* ^ Christianson 2000 , pp. 17–8.
* ^ Thoren & Christianson 1990 , pp. 55–60.
* ^ Christianson 2000 , p. 8.
* ^ Christianson 2000 , pp. 7–8, 25–27.
* ^ Christianson 2000 , pp. 28–39.
* ^ Christianson 2000 , pp. 40–43.
* ^ Shackelford 1993 .
* ^ Christianson 2000 , p. 247.
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original on 2005-02-15.
* ^ Christianson 2000 , p. 142.
* ^ A B C Christianson 1979 .
* ^ Håkansson 2004 .
* ^ Thoren & Christianson 1990 , p. 188.
* ^ A B C Christianson 2000 , p. 141.
* ^ Håkansson 2006 , p. 62.
John Louis Emil Dreyer , Tycho Brahe: a Picture of Scientific
Life and Work in the Sixteenth Century, A. & C. Black (1890), pp.
* ^ Mosley 2007 , p. 36.
* ^ Håkansson 2006 , pp. 179-89.
* ^ Christianson 2000 , p. 216.
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Special Collections Department.
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University of Cambridge
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* ^ Jardine 2006 , p. 258.
* ^ Gingerich 1989 .
* ^ Jardine 2006 .
* ^ Mosley 2007 , p. 28.
* ^ Ferguson 2002 .
* ^ Christianson 2000 , p. 304.
* ^ Tierney, John (November 29, 2010). "Murder! Intrigue!
New York Times
New York Times . Retrieved 2010-11-30. At the time of
Tycho's death, in 1601, the blame fell on his failure to relieve
himself while drinking profusely at the banquet, supposedly injuring
his bladder and making him unable to urinate.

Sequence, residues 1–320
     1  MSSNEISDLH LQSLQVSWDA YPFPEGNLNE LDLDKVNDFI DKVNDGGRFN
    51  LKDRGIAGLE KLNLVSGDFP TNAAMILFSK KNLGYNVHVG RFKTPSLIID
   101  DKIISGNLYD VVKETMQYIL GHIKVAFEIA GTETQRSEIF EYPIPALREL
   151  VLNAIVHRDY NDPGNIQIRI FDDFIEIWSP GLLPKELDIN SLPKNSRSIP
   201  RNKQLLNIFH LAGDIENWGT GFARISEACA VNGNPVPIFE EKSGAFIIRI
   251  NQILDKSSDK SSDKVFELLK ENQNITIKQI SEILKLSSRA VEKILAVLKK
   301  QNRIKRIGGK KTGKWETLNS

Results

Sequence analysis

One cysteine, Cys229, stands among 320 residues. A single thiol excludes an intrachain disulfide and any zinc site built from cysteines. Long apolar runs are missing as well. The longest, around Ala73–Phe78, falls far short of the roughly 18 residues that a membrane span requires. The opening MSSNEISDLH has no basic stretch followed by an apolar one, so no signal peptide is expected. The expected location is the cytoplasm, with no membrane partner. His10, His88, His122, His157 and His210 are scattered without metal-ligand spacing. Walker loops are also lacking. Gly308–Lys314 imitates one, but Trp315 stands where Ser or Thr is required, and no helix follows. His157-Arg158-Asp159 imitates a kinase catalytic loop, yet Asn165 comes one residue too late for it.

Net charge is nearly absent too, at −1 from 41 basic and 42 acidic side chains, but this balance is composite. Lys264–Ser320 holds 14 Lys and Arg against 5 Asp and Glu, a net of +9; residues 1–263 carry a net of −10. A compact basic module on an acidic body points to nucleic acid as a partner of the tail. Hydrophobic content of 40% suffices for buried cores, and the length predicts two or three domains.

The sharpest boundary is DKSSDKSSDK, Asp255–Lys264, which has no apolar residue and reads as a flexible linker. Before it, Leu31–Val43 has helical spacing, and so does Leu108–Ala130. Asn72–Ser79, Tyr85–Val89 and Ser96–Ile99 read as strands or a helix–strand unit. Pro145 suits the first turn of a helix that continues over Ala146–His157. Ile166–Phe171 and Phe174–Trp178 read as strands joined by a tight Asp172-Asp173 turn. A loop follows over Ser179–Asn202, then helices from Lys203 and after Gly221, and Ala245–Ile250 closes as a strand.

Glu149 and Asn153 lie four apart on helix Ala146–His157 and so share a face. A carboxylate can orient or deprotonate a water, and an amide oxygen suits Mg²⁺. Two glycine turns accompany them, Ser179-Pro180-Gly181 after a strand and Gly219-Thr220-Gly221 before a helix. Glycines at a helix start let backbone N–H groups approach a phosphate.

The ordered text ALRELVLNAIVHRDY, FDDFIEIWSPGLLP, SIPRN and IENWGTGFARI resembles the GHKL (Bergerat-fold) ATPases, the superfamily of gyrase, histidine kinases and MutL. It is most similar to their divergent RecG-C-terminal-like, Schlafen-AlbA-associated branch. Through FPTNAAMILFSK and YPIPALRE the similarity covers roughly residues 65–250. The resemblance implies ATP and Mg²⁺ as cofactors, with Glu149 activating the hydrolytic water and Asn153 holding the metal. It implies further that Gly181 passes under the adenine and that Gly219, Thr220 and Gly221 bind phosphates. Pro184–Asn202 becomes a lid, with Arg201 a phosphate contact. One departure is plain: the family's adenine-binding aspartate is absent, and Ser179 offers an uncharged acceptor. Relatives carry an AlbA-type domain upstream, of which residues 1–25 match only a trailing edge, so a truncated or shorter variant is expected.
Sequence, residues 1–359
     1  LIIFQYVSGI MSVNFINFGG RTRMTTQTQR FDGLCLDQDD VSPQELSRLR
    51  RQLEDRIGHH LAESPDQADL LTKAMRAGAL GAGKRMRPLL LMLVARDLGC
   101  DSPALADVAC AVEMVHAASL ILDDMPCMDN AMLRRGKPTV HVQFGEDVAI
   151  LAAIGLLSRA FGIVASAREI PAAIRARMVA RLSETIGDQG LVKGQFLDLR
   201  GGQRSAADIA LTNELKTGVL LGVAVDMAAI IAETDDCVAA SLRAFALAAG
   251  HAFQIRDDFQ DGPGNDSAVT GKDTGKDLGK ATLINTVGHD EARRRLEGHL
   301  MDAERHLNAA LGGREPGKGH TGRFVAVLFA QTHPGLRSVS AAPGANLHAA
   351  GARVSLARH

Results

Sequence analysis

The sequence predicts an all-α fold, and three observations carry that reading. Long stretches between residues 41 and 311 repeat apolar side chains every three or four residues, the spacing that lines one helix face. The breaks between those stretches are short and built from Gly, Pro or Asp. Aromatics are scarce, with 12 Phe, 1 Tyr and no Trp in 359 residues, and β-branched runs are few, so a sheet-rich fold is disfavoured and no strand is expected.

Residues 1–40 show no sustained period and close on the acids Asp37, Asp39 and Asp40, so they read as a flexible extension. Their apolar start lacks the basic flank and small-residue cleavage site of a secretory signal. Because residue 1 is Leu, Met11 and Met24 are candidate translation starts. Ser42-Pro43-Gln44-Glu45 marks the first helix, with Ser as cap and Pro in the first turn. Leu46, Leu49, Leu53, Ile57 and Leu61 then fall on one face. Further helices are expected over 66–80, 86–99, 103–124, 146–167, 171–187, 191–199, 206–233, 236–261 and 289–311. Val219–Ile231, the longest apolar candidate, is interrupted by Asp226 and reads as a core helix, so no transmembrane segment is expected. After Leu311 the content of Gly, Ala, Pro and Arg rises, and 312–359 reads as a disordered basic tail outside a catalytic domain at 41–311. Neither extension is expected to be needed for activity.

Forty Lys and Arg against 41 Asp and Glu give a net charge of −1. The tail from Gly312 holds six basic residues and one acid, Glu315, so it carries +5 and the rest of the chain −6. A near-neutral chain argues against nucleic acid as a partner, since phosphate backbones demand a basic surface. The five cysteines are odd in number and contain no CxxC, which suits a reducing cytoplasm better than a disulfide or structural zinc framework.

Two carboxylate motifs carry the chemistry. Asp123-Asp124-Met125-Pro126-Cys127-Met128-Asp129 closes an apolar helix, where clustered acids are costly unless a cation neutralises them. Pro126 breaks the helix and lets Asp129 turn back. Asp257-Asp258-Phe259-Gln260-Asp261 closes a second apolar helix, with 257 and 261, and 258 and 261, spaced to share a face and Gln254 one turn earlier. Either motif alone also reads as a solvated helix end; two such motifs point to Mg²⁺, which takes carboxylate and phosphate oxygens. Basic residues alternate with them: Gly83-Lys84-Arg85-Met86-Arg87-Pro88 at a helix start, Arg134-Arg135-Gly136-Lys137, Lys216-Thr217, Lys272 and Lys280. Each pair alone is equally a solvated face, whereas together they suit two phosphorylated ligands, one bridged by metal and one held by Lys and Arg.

* ^ Thoren & Christianson 1990 , pp. 468–69.
* ^ "Ne frustra vixisse videar!" (Dreyer, 2004 , p. 309).
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Leipzig 1994, pp.
* ^ Pallon Jan: Did mercury poisoning cause the death of Tycho
Brahe? 1996, www.fixedearth.com/brahe_poisoned.htm
* ^ Gilder & Gilder 2005 .
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Johannes Kepler murder
Tycho Brahe?". History News Network. Retrieved January 19, 2012.
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Brahe to be exhumed". The Copenhagen Post. February 4,
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Prague Post. May 12, 2010. Retrieved
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Brahe \'not poisoned\', says expert".
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* ^ "Was Tycho
Brahe Poisoned? According to New Evidence, Probably
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* ^ Christianson 2000 , pp. 83.
* ^ Swerdlow 1996 , pp. 207–210.
* ^ Høg 2009 .
* ^ Rawlins 1993 , p. 12.
* ^ Wesley 1978 , pp. 42–53, table 4..
* ^ Rawlins 1993 , p. 20, n. 70.
* ^ Thoren 1989 , pp. 14–15.
* ^ Thoren 1988 .
* ^ Hetherington & Hetherington 2009 , p. 134.
* ^ Russell 1989 .